I’ve um-ed and ah-ed about how to best tell this next chapter of my story and no doubt will only truly know once I’ve hit ‘publish’. This is certainly not a story I ever expected to be telling as my own and one that I’ve considered not telling at all for reasons of discretion. But then I reasoned that all of you who’ve stuck by me through the dark days and endured my tales of woe also deserve to bask in the rays of sunshine and hear the juicy gossip. Besides, I’m the one who decided to do this blog and like my mum says ‘if a jobs worth doing, it’s worth doing properly’ (this does not apply strictly to apostrophes and other punctuation as several of you have noticed). Enough pussy footing around, I’ve already let the cat out of the bag with the heading so let’s dive right in.
I’ve come to Italy for a bit of a surreptitious rendezvous with a certain gentleman I briefly introduced you to in the Vancouver blogs – let’s call him Ryan, for that is his name*. Since leaving Vancouver, we’ve stayed in touch and I guess he thought it might be nice to come visit me and I suppose I thought that might be lovely too. We decided on somewhere neither of us had been but both wanted to see and if you’re going to do this type of thing, well, I refer you back to my mothers words of wisdom about doing a worthy job properly, might as well pick a destination as pathetically romantic as Tuscany.
In lieu of having told my actual parents, Vic and Pete asked all the appropriate interrogatory questions and offered to chaperone/spy (disguises, props and tactics were discussed – Rollo was even in on the act as an elaborate hat ornament). In the end, to the best of my knowledge, I left on my own – butterflies beginning to emerge from the cocoons in my stomach.
I’d managed to book a flight using my frequent flyer points which restricted my options a little. Consequently, I’ve arrived a day ahead of Ryan and flown into Pisa as opposed to Florence where we are to meet tomorrow. Luckily the flight was uneventful, PIsa airport is tiny & uncomplicated and the train station adjoining it was very simple to find. This dispatched my initial concerns but the next challenge was to make it to Piazza Santa Croce in Florence by 1.30pm for my first rendezvous with a man named Giovanni.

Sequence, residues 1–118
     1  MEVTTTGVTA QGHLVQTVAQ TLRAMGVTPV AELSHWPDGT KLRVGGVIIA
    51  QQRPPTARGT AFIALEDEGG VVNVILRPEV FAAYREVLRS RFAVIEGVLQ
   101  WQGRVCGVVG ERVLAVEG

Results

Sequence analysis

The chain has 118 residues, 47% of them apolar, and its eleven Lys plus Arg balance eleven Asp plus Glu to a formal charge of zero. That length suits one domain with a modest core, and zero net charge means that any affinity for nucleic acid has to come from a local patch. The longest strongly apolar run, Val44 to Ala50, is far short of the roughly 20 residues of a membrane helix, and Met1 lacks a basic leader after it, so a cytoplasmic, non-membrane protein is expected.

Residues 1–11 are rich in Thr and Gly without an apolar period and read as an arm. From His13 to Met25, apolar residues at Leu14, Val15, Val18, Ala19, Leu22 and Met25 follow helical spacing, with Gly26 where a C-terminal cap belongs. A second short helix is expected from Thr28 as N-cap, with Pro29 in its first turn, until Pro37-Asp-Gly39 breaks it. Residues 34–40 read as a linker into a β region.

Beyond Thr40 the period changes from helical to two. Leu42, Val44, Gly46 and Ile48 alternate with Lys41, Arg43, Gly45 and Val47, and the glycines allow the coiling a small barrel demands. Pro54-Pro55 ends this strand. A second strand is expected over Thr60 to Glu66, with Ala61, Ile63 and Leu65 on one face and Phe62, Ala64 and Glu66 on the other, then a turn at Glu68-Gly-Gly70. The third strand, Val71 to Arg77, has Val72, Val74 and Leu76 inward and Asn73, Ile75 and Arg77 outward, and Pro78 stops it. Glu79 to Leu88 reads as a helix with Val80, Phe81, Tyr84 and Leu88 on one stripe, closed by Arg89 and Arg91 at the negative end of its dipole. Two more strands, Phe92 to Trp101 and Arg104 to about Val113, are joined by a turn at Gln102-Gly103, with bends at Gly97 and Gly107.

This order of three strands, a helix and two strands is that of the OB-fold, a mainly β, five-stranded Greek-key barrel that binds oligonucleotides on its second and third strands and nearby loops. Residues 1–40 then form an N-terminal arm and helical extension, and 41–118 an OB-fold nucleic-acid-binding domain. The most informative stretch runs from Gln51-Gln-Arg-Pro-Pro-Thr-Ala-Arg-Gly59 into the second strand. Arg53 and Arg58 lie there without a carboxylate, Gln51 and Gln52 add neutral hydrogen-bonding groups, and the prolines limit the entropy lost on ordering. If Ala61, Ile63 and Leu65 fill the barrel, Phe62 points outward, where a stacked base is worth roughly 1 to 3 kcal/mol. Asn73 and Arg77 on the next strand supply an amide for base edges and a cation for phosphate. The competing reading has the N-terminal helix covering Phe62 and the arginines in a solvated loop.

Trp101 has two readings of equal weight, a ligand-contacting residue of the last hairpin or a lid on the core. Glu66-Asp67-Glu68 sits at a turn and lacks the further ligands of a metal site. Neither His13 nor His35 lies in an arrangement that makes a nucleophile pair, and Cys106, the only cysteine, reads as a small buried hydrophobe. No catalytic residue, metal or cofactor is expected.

Both cliche and prior experience made me apprehensive about such specific timings in Italy, especially without the assurance of a phone – my SIM not being enabled for roaming so now serving only as timepiece in place of my recently broken watch. My train was mercifully on time and ran to schedule. Not wanting to leave anything to chance or poor navigation, I hopped in a taxi which plunged straight into the heart of Florence, passed centuries old buildings and over cobbled streets that never imagined anything more advanced than a horse and cart passing over them when they were laid. It was hard to remain focused on the task at hand with such monumental grandeur and history whizzing by all around.